Character Analysis of Cordelia

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King Lear: Character Analysis of Cordelia

In the play King Lear by William Shakespeare, Cordelia is singley the most unique character portrayed in the play. Unlike other characters she is made to be a saint. On the contrary, she shares a few characteristic with her father. In the beginning of the play when King Lear ask each of his daughters to declare their love for him in exchange for part of his kingdom, Cordelia chooses not to participate in such acts of buying her fathers love. Alike King Lear, Cordelia holds great pride, which is why their is a battle of the prides when Cordelia chose not to express her love because she believes she should not have to say it, he should just know it. Although Cordelia might share common characteristics with her father–King Lear–she does not share similarities with her sisters.

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When Cordelia chose to not trade love for power because of her pride, her sisters did not hesitate to go above and beyond to exaggerate just how much they loved King Lear. Ironically, Cordelia was the only daughter of King Lear’s that genuinely loved her father; yet, she was the only daughter to not only fail to inherit part of the kingdom, but to get banned from the kingdom. Not only did Cordelia love her father, she was covertly in love with her father. Signs of Cordelia’s secret love for her father can be seen as she expresses, I am sure my love’s more ponderous than my tongue(Shakespeare 1.1.59-60.) Meaning that she loves her father more than she can put into words. Cordelia shared a strong bond with her father; thus, it makes sense she loved her father so deeply. Right from the start of the play it is obvious that despite having sisters Cordelia doesn’t fit in with them, so instead she made a friend in her father. Cordelia loves her father so much that throughout the play Cordelia only actions are done in order to benefit her father.

When Cordelia returns at the end of the play she had forgotten about her husband and her sole mission was to care for her father even though he recently abandoned her. Despite, being totally abandoned and disowned, Cordelia still wanted to be there for her father. Cordelia states in the play, ‘Tis known before. Our preparation stands. In expectation of them. O dear father, It is thy business that I go about. Therefore great France My mourning and importuned tears hath pitied(Shakespeare 4.4.23-26.) This translates to say that after begging and crying Cordelia convinced her husband to allow her to take the army and she is ready to fight for her father. Soon after, Cordelia went out to search for her father, taking her husbands army with her.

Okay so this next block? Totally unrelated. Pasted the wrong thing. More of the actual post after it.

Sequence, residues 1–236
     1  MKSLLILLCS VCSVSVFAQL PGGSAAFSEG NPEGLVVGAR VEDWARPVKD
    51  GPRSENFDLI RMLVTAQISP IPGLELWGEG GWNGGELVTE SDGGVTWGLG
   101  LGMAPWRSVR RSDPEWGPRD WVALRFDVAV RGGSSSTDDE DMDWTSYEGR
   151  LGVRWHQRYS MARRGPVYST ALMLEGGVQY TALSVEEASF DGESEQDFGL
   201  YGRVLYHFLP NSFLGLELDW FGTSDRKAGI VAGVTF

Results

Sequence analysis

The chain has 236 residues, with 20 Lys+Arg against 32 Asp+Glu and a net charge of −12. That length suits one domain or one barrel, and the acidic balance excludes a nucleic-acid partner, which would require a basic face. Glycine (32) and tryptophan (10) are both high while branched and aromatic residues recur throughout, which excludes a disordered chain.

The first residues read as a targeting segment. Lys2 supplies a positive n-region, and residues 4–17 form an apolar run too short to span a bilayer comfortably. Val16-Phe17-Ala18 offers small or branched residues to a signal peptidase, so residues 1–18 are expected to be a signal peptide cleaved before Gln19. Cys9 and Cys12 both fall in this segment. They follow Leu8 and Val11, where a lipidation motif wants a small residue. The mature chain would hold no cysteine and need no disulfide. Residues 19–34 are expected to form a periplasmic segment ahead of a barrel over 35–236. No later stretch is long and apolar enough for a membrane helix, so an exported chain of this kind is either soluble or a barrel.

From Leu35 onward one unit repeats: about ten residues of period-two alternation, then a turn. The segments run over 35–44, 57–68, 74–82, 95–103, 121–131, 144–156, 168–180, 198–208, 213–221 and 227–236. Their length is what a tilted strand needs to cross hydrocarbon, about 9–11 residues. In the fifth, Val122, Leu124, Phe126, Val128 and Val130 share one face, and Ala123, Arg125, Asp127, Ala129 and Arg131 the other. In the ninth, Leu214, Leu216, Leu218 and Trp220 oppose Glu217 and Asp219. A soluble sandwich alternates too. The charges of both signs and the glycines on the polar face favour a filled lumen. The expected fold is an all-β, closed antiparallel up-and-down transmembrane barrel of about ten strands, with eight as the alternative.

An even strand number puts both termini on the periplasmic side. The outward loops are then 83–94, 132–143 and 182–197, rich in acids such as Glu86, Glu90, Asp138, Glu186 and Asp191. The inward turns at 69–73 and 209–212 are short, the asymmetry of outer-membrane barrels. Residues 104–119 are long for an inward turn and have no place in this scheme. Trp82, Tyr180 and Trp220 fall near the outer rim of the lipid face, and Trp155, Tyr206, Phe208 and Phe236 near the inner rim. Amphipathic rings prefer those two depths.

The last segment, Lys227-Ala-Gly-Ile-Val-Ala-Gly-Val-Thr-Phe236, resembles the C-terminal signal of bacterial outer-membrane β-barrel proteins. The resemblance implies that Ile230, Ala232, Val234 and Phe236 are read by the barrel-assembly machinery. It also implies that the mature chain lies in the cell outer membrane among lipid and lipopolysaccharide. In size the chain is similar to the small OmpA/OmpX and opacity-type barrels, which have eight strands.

Not many people would drop everything and leave behind their spouse to help someone who abandoned them. Cordelia really did love her father more than anything. Cordelia was a detrimental factor in making the play. Without Cordelia, it would completely change the plot of the play. Cordelia appears only in the first and last parts in the play, yet throughout the whole play she is left in our minds as the good to come. Cordelia is the small piece of good sprinkled in the play. She allows us to foresee good in the dramatic and harsh moments throughout the play. Her character pulls at our hearts in her heroic manner seen towards the end of the play when she strives to save her father and returns to break our hearts at her sad passing that hits us with tears. Cordelia who takes on the role of an sympathetic outcast at the beginning of they play, becomes a strong, heroic individual by the end of the play.

In every play, story, or movie, there is always an underdog who everyone is rooting for, and in King Lear, Cordelia is that underdog. Shakespeare, makes this play whole by introducing her briefly at the beginning, and although we don’t see her until the last part of the play, we are aware of her presence and root for her appearance throughout the rest of the play. Her character keeps both readers and viewers hooked on finishing the play with the hope of her reappearance. Cordelia is a key device in the making of the play. The theme of William Shakespeare’s play titled King Lear is the masculine role of females.

It is simple to view how both Regan and Goneril portray the masculine role of women throughout the play using aggression and power, but the masculine role is less present in role of Cordelia. Cordelia shows masculinity in the leading of the French Army. She did this by revealing her power she held over many men in war. As a woman Cordelia was a unique leader because not many women lead armies into war. Despite the other masculine roles of women that were portrayed in the play, Cordelia was not aggressive or hostile bully; instead, Cordelia took on the role of a heroic and kind gentlemen. Works Cited Greenblatt, Stephen. Norton Anthology of English Literature. 9th ed., vol. 1, W&W Norton & Company, 2012, New York. Shakespeare, William. King Lear. Open Source Shakespeare, George Mason University, 2018,

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Character Analysis of Cordelia. (2020, Mar 10). Retrieved December 9, 2022 , from

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